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Giving parents the tools they need to help their children become good readers is a vital part of the mission of this reading interventionist.
This subscriber spotlight is based on an interview with Teri Nieveen, Reading Interventionist at Freeman Public Schools in Adams, Nebraska.
Higher expectations statewide for the reading ability of young students in recent years is a primary consideration of this seasoned educator from the Midwest.
Thirty miles southeast of Lincoln, the capital of Nebraska, is the small town of Adams. Primarily a rural community where corn is king for the farmers in the area, it has become a bedroom community of sorts because of its proximity to the capital. Adams has a population of around 500, but it is a progressive town for its size with its own doctor’s office, pharmacy, bank, cafe, and grocery store. The majority of the people who live here are born and raised Nebraskans.
Teri Nieveen is one of those who resides in Adams and has always lived in Nebraska. She has been an educator in the Freeman Public Schools for 36 years, even teaching her own two sons, now grown, when they were in first grade. Family is very important to Teri, who eagerly shares a photo of her family and has unmistakable pride in her voice when she mentions her sons and two young grandchildren.
The importance of family to her both personally and professionally is what guides her work as a reading interventionist for the school system. She also manages the Title I Reading Program and is the district assessment contact person for the state when testing time rolls around. A first-grade teacher for 20 years, followed by 10 years teaching kindergarten before assuming her current role—all in the same school district—Teri has seen a tremendous difference in education during those decades.
“We expect our kids to do so much more. Kindergarten used to be a big social time. Now we expect preschool to teach the alphabet, and our kindergartners to be prepared to start reading and writing sentences right away,” says Teri. “We have our own standards in Nebraska, but they are very similar to Common Core,” she adds.
Because of these accelerated expectations, Teri appreciates the help that the Reading Connection newsletters, both the Elementary Edition and Secondary Edition, provide. Nebraska recently passed a new reading law that requires all students from kindergarten through third grade to meet benchmarks on their reading assessments. If they don’t, they are required to receive intervention. An important section of the law requires parents to be a part of this intervention, and it’s not always easy to get parents involved, as Teri knows from experience.
And that’s where Reading Connection comes in. With the “increased emphasis on parent involvement and the challenges of making that happen,” this school year became the perfect time to subscribe, Teri said.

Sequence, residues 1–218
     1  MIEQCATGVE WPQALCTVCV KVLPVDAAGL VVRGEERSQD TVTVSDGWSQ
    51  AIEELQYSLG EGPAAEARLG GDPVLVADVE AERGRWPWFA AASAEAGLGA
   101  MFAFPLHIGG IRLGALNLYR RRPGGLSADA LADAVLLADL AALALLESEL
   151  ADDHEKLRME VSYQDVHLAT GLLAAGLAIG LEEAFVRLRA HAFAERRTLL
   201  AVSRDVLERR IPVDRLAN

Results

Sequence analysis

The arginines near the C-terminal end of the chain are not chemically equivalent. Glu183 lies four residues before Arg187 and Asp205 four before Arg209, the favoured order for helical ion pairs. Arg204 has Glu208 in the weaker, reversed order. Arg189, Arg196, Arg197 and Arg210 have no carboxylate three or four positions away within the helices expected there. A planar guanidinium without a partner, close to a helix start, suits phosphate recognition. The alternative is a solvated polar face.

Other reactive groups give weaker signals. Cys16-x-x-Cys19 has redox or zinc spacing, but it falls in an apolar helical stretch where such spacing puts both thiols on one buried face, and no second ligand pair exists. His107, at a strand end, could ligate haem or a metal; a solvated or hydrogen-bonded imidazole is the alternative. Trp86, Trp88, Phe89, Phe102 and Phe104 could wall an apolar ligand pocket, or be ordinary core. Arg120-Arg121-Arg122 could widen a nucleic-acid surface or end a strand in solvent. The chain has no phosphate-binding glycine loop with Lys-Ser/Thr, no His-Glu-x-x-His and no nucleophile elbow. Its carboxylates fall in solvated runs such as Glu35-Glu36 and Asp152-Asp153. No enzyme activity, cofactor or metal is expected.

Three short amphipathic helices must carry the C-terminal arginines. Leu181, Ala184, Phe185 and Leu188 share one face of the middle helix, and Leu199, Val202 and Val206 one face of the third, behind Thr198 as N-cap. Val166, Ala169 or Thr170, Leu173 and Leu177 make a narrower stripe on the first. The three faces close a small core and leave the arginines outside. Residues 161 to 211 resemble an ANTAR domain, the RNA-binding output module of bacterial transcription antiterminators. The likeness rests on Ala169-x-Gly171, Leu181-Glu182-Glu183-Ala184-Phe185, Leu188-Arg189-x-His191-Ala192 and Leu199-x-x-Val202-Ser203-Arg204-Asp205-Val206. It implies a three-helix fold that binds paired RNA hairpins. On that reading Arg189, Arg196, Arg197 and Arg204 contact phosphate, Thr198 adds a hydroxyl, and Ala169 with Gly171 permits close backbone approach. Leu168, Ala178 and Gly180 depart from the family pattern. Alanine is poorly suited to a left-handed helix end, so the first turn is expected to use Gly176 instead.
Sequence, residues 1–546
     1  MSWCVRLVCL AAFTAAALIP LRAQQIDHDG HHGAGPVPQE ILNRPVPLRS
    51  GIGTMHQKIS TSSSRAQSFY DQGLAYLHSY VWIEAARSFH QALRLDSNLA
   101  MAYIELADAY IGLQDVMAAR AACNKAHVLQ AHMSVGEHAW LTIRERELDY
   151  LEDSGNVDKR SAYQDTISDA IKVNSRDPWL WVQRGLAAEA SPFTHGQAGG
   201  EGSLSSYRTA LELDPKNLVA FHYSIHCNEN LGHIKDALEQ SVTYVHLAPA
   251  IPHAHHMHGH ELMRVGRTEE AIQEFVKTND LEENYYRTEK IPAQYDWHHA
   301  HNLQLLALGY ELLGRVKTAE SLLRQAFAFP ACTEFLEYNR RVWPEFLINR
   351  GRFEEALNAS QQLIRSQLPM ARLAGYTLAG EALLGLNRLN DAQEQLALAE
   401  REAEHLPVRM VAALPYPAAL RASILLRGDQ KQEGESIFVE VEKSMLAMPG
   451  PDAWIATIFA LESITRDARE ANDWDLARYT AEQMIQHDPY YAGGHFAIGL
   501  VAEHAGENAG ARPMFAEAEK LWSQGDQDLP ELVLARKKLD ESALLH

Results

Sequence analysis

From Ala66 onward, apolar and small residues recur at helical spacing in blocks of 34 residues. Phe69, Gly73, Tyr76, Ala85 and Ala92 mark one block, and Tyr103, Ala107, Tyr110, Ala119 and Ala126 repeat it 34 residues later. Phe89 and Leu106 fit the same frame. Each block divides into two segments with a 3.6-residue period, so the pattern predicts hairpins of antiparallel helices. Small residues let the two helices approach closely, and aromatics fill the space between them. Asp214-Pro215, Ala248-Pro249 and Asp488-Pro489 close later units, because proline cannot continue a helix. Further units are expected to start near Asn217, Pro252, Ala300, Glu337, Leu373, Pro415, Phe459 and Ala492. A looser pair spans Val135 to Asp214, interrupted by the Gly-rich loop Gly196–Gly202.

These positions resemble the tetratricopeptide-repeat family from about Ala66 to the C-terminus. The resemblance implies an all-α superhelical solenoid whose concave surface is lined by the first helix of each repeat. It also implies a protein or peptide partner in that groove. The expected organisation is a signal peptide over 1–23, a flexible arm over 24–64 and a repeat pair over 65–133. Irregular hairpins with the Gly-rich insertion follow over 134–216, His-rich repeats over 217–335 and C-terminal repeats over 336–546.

Freeman Public Schools has one school for Pre-K through 12th grade with 450 students from Adams and other small towns in the surrounding area and an average of 35 students per grade level. Working on the reading intervention part of her job constitutes the bulk of Teri’s days. Reading is so fundamental to student success that her role has continued to increase in importance over the years.
“There has always been a discussion about how to reach out to parents. We decided that we needed to subscribe now to Reading Connection as a way to at least give our parents some ideas about what they can be doing to help their children with the important subject of reading. We send it out to all parents, but especially hope that parents of students that need extra help will use it as an additional helpful resource,” emphasized Teri.
Teri makes sure that the Reading Connection newsletters are photocopied each month and sent home with every student. Some months Teri uses the hard copy that comes in the mail; other times she logs into the website to download the issues she needs.
“I was always intrigued when I looked at past issues and saw that they contained things parents could easily do when they were at home. You don’t have to go out and buy something in most cases. It’s something practical that parents can pick up quickly and do, yet easily understand what they are doing and how to do it,” said Teri. “We appreciate that because we don’t want to do something that’s complicated for a parent to understand—or they will not do it!” she emphasized.
Given her depth of experience as an educator and her practical experience as a parent, Teri is concerned about where technology has taken us as a society, and about the increased importance of teaching children how to communicate with each other and learn how to do things without using screens. She considers her work at the elementary level vital to building a foundation for young people to help them succeed throughout their lives, and she looks forward to Reading Connection helping in that effort. Though she has only subscribed since September of this school year, she likes what she has seen so far! And she looks forward to using Reading Connection to continue the important job of helping parents create a joy of reading in their youngsters.
To find out more about Freeman Public Schools, visit freemanpublicschools.org
For more information on the Reading Connection newsletters, see rfeonline.com/reading
We’d love to find out more about what you are doing at your school and how our publications help you fulfill your mission. Contact our Fulfillment Manager, Carol Ann Fox, to arrange for a time to chat. Email firstname.lastname@example.org, or call her directly at 540-636-4612. She’ll make sure we see you and your school in a future Subscriber Spotlight!
Freeman Public Schools, Adams, Nebraska
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